Wednesday, April 26, 2006

Good day.

Today has been a surprizingly good one!

It's poetry month, and I've got all my students digging deep to write poems about an emotional moment. It could be any emotion, whether happy, sad, angry, scared, nervous, etc. All I asked was that it be true, and they describe how their bodies felt when they had the emotion. Some of them are struggling with that concept, or with the concept of turning a story into a poem.

On the other hand, some of them are getting it, getting it in a way that takes my breath away. Literally. I get all...what's the Yiddish word...verklempt. The kids tease me about it, but they beam with pride when I get so excited. One girl really struggles in my class, but she wrote an amazing poem about her father dying. She had a strong understanding of what words could be omitted and how to break the lines to make it poetic. She also did a great job of explaining how her emotions felt: "I began to shake// like I was freezing.// My mother held me// like she was trying to make me warm." When I told her she got an A on the project (actually, in New York it's by number, so she got a 4), her jaw dropped in disbelief. "Really? A four, Ms. K?" Then she asked me again at the end of the period, perhaps afraid I would change my mind. I don't think she'd ever gotten a top grade in language arts before. I know she never has with me. I'm so proud! And she's just one example.

Eighth period, my students were kind of rowdy. One girl, nicknamed Bzanka, has been driving me nuts lately. Instead of doing her work, she kept leaning back in her chair and distracting the kids behind her. I warned her to stop. Later in the class, she fell and before I could help it, I cracked up. The kids have never heard me all-out laugh before, so that caused all of them to go crazy laughing. Bzanka was fine, and I apologized for laughing at her, still laughing until my eyes teared up. Not laughing at the silly things my students do (trying to derail my lessons) is part of the job discription, but it felt good to let down my strict facade for a moment.

During the extended day, I was talking to a student about her lateness. She replied that I'm late sometimes, too (which is regrettably true, though I have improved a lot) and that I run on "CPT-- Colored People Time." I admonished her that she shouldn't say racist things, not even against her own race. I added that it was a stereotype. I know lots of black people who are prompt and lots of white people who run late. "Nope," she replied. "It's like my aunt...Grandma says she'll arrive late to her own funeral. I think you're black, Ms. K." Then I realized what she was doing with her teasing.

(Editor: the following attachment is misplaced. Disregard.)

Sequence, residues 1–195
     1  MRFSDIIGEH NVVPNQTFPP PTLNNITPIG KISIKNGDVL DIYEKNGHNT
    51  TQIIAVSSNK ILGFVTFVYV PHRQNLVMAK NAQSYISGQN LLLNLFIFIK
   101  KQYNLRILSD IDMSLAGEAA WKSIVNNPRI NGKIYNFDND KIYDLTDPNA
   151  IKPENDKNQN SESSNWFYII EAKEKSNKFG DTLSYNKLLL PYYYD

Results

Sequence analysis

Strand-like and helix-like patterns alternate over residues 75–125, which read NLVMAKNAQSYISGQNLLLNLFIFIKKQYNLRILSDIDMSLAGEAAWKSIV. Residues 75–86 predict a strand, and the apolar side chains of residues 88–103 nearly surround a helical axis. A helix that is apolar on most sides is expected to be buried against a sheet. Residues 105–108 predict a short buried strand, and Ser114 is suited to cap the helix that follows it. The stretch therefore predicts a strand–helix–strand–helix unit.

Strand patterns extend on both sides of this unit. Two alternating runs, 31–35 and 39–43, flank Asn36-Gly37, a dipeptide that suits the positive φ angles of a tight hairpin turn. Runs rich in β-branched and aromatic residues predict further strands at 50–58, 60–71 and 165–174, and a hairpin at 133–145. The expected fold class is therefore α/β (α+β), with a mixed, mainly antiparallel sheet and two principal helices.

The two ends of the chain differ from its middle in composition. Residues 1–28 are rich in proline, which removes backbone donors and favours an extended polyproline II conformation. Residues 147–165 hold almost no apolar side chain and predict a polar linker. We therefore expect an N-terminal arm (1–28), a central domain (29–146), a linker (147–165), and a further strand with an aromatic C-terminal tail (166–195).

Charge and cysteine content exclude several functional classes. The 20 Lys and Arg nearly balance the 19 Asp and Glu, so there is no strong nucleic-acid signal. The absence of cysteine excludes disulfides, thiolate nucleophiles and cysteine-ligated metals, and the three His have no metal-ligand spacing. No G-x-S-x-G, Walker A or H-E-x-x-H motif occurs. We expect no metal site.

"I'll take that as a compliment, Monae." Her face broke into a big smile. She was excited that I had recognized her teasing for the compliment it was. Then she gave me "pounds," a show of respect done by tapping her fist against mine.

That reminds me: I've added shaking hands with my students to our classroom routine. They have to shake my hand and tell me they're ready to be scholars before they come into my room. Class 705 used to run into my room, chasing each other. Now they stall for a little bit by refusing to shake hands, or by trying to give me pounds or jive-shakes (there's probably a better term, but I'm not cool enough to know what it is. I'll ask them tomorrow), but once they get in the room, they're more tranquil. Well, April's almost over. Just May and June to go! Wish me luck.

Monday, April 24, 2006


When Tut died, I was really upset-- partly because I loved him and partly because I was losing yet another part of what it meant to be home. At Christmas, it was strange to be in a random apartment instead of the house but it was so comforting to have Tut crawl into my bed in the middle of the night and curl up on my torso, purring.

Hooligan is not exactly comforting. Petting a cat is supposed to be soothing and lower one's blood pressure. Petting Hooligan, on the other hand, requires nerves of steel. At any moment, he could snap and claw you. I was reminded of this the hard way my second day of vacation. I was on the couch, working on my research project, and he jumped up on the back of the couch really near my head. I was happily petting him when he suddenly scratched me. I was rather miffed. Then dad came home and saw Hooligan perched by me.